If you know nothing about liquors, you will qualify this as one among a few whiskey terms considered as jargon. While it suggests a weird religious undertone, angel’s share is actually the amount of liquid lost through evaporation during maturation. While we mature whiskey in oak barrels, a small percentage of this liquid will be lost. The amount of this lost liquid yearly will be around 1% of the original volume. There are a few reasons that attempt to explain why we lose this small percentage of liquid when aging whiskey. It could be due to the age of the spirit. Sometimes the climate in contributes to this, too. Or it could also be due to the size of the cask.
12. Cask Strength
When you say cask strength, this whiskey term has something to do with any additional processes or dilutions that whiskey could go through after its maturation. For instance, to make each batch of whiskey uniform before they’re bottled up, you may need to bring them down to a specific proof or level of alcohol by volume – an extra process. So, when referring to cask strength, it is the original strength of the whiskey right after drawing it from the cask. How does cask strength affect the flavor of your whiskey?
An adequately matured whiskey usually comes with a delicious punch. While aging, the whiskey develops or forms a symbiotic relationship with its oak cask. The maturing whiskey seeps into the wood grain while allowing the oak flavors to infuse the spirit slowly. It is at this stage or time that the robust and intense flavors – the hallmark features of a cask strength whiskey – come into play.
Here’s one of several whiskey terms you probably remember from your science subjects, after all, whiskey making is a science! (Alright, it is an art as well!) Distillation is a process that separates a liquid from another type of liquid. If your objective is to purify an organic compound, distillation is the best scientific process to use. It works best when the fluids have varying levels of boiling points. When you heat an organic mixture to a certain level, the liquids will separate. Hence, ethanol separates from water through the process of distillation.
Ethanol is the type of alcohol found in an alcoholic beverage. It also explains the reason why rum or arrack, and whiskey are also referred to as distilled spirits or distilled liquor. You can obtain these alcoholic beverages by distillation from a fermented fruit juice, wine, or from grains.
14. Whiskey vs Whisky
Over the course of many years, people have debated how to spell it right. The Scots would jot this word down as “whisky”. As for the Irish, they will write or spell it as “whiskey”, with an “e”. To identify the cause of this difference in spelling, we need to trace its historical background. The difference in how the word is spelled out has something to do with how the word translates into its Irish Gaelic and Scottish forms.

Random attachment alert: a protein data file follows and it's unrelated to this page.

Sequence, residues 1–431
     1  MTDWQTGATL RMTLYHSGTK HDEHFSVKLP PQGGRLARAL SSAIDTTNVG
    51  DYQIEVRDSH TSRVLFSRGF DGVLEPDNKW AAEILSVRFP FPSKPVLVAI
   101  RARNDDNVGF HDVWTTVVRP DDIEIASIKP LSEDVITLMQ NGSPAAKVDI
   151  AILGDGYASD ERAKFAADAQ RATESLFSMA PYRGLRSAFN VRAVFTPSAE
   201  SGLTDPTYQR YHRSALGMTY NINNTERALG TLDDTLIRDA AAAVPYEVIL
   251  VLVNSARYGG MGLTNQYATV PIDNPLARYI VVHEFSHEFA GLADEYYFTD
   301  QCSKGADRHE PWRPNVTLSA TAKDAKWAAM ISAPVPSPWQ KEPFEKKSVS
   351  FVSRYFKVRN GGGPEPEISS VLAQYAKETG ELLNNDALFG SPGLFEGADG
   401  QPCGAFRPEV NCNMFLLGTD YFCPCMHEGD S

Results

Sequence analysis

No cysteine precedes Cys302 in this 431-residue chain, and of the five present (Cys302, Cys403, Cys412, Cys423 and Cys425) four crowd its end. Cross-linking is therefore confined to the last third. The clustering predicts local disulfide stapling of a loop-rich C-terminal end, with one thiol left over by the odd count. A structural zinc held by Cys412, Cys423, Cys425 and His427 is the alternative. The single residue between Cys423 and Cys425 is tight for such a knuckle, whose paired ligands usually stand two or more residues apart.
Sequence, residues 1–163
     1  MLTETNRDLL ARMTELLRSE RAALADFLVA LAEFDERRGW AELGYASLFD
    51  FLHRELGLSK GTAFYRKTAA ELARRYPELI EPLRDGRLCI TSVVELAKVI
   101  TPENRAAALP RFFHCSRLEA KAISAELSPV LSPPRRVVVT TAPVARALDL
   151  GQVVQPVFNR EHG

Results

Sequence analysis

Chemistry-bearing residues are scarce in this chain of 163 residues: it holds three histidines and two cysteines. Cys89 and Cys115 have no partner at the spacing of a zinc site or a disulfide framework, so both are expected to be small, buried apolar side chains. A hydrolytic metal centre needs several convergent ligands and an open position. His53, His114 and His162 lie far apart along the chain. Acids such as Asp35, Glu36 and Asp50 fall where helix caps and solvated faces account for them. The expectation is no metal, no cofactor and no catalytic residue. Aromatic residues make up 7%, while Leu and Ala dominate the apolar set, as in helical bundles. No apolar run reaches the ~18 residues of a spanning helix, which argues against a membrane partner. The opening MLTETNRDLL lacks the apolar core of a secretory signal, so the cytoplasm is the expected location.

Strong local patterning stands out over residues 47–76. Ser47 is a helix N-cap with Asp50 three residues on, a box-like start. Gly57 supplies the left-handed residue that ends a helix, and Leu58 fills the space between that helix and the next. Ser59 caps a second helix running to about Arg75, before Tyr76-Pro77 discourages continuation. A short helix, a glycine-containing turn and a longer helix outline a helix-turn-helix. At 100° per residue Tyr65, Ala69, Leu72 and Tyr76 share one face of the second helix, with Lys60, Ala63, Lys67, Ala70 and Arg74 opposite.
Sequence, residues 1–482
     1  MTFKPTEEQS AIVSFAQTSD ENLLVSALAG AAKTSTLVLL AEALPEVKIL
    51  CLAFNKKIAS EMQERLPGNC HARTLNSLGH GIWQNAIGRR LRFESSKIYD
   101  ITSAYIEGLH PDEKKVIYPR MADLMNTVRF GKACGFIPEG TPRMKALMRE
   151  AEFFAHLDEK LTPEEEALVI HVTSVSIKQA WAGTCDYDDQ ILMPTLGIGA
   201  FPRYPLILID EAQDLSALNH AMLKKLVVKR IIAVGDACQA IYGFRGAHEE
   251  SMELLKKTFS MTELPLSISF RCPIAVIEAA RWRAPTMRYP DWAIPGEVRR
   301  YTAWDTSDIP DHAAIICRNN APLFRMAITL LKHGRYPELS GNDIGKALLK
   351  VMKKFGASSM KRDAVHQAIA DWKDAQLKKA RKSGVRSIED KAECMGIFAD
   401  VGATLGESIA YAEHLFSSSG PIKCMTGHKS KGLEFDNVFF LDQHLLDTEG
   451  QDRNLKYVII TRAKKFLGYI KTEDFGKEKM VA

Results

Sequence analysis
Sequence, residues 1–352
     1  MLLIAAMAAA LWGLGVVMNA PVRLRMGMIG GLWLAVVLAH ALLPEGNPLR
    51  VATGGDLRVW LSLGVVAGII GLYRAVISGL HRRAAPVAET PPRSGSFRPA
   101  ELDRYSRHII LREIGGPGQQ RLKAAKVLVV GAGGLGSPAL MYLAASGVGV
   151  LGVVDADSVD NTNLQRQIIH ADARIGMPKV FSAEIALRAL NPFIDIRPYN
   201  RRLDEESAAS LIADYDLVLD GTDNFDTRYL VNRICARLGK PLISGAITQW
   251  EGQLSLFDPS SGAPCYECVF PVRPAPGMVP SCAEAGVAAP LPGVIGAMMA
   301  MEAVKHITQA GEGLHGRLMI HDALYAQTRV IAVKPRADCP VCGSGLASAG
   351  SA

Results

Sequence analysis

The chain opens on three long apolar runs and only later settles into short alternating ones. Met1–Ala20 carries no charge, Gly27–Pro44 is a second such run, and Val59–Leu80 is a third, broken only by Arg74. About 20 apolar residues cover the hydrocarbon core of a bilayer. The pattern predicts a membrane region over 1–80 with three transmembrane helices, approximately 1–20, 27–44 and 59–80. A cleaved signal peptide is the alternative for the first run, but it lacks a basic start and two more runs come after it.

Additionally, the word “whiskey” with that extra “e” on it also refers to the American whiskeys. When Irish immigrants came to the US in the 1700s, somehow that extra “e” got in there. The word whiskey has been spelled this way ever since.
So, the only time that you would spell it as “whiskey” is when you are in the US and Ireland. If you happen to be in other parts of the world such as Japan, Canada, Scotland, Australia, and parts of Europe, the proper way to spell it would be without the extra letter “e”, whisky.
15. Pot Still
Pot still is a type of distillation apparatus, and we primarily use them when trying to distill alcoholic spirits like cognac and whiskey. If Coffey distillation process operates on a continuous basis, it’s the other way around for a pot still distillation. In a pot still, distillation works on a batch basis. Tradition has it that a pot still made from copper is the best to use. However, they come in a variety of forms and shapes, depending upon the style and quantity of spirit you desire to produce.
Did you know that according to Irish law, only a pot still could be used for the distillation of whiskey, cognac, Scotch and Irish whiskeys? During the initial stage of distillation, about two-thirds of the pot still should be filled with a fully fermented wash or liquid. Usually, the liquid has an alcohol content of about 7-12%. In distilling whiskey, the liquid base frequently used is beer whereas in brandy it is a wine base The still pot will be heated to bring the liquid to its boiling point.
Did you have fun learning these whiskey terms? Stay tuned for future posts about more whiskey terms you can master!